Global Diabetes Institute

What is Global Diabetes?

Source: Hossain et al. NEJM 2007 (million people)

Source: Hossain et al. NEJM 2007 (million people) 

Global Diabetes Statistics

  • In 2013 there were 382 million people with diabetes worldwide. This number is expected to reach 592 million by 2035. 1 
  • The World Health Organization predicts that diabetes will be the seventh leading cause of mortality worldwide in 2030. 2 
  • The overall risk of death among people with diabetes is at least double the risk of those without diabetes. 3 
  • Low- and middle-income countries account for more than 80% of all deaths related to diabetes. 4 
  • Upwards of 65 million people in India had diabetes in 2013, accounting for 9.1% of the country’s total population. 5 
  • Approximately 625,000 individuals in Uganda had diabetes in 2013. 6  
  • Roughly 50% to 80% of all people with diabetes die of heart disease and stroke, 7 while diabetes is also predicted to be one the leading causes of kidney failure worldwide. 8 
  • Other common effects of diabetes include: neuropathy (nerve damage) in the feet and hands, ulceration of the feet, and retinopathy (eye damage) sometimes leading to blindness. 9 

Why is diabetes becoming an epidemic in developing countries?

Most new cases of diabetes globally are likely to be type 2 diabetes, in which the body’s resistance to its own insulin leads to high blood sugar levels.

The following factors may all be contributing:
  • Westernized diets and availability of cheap sugar and fat calories
  • Transition from agrarian to urban lifestyles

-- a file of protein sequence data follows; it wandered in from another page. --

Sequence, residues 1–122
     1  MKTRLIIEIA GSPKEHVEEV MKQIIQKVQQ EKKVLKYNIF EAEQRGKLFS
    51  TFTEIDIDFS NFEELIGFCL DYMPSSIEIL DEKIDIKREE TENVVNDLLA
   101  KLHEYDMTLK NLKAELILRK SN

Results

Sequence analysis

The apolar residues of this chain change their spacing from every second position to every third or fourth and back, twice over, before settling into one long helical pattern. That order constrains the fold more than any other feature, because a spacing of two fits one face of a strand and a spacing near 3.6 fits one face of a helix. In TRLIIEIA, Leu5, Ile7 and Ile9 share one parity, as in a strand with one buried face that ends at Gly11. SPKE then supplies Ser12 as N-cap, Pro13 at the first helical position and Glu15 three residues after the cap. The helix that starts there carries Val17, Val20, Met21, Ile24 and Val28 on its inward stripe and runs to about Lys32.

• Genetics: non-Caucasian populations are at increased risk

Malnutrition Diabetes

In addition to types 1 and 2 diabetes, there is also a poorly understood form of diabetes called Malnutrition-Modulated, or “Lean”, Diabetes, affecting millions of malnourished children and young adults in developing countries.

Characteristics include:
  • Malnutrition at diagnosis and history of malnutrition as a child
  • Poor health outcomes, susceptible to severe diabetic complication
  • Family of patient always of rural origin and poor socioeconomic status
    Treatment: Most patients are prescribed insulin. Insulin is not a viable solution because of cost, perishability, and lack of availability. Even when it is available, consistent food often is not, leading to many deaths from low blood sugar.

It is alarming how little is known about this prevalent and devastating condition. Discovering safe and accessible treatments, such as dietary supplements and oral agents, could have tremendous impact on health and survival for millions of affected patients.

1. International Diabetes Federation. IDF Diabetes Atlas, 6th edn. Brussels, Belgium: International Diabetes Federation, 2013.
2. Global status report on noncommunicable diseases 2010. Geneva, World Health Organization, 2011.
3. Roglic G, Unwin N, Bennett PH, Mathers C, Tuomilehto J, Nag S et al. The burden of mortality attributable to diabetes: realistic estimates for the year 2000.Diabetes Care, 2005, 28(9):2130–2135.
4. Mathers CD, Loncar D. Projections of global mortality and burden of disease from 2002 to 2030. PLoS Med, 2006, 3(11):e442.
5. Ramachandran A, et al. Diabetes in South-East Asia: An update for 2013 for the IDF Diabetes Atlas. Diabetes Res Clin Pract (2013).
6. Global status report on noncommunicable diseases 2010. Geneva, World Health Organization, 2011.
7. Morrish NJ, Wang SL, Stevens LK, Fuller JH, Keen H. Mortality and causes of death in the WHO Multinational Study of Vascular Disease in Diabetes. Diabetologia2001, 44 Suppl 2:S14–S21.
8. Global status report on noncommunicable diseases 2010. Geneva, World Health Organization, 2011.
9. Global data on visual impairments 2010. Geneva, World Health Organization, 2012.

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